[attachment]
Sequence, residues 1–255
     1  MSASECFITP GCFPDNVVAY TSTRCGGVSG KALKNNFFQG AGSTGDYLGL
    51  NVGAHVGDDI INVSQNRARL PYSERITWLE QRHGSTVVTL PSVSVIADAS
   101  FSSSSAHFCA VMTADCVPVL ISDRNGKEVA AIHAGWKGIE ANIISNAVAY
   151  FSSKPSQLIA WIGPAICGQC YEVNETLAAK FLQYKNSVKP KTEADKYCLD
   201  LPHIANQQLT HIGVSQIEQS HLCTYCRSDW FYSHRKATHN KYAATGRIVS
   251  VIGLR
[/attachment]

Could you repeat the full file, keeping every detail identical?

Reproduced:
Sequence, residues 1–255
     1  MSASECFITP GCFPDNVVAY TSTRCGGVSG KALKNNFFQG AGSTGDYLGL
    51  NVGAHVGDDI INVSQNRARL PYSERITWLE QRHGSTVVTL PSVSVIADAS
   101  FSSSSAHFCA VMTADCVPVL ISDRNGKEVA AIHAGWKGIE ANIISNAVAY
   151  FSSKPSQLIA WIGPAICGQC YEVNETLAAK FLQYKNSVKP KTEADKYCLD
   201  LPHIANQQLT HIGVSQIEQS HLCTYCRSDW FYSHRKATHN KYAATGRIVS
   251  VIGLR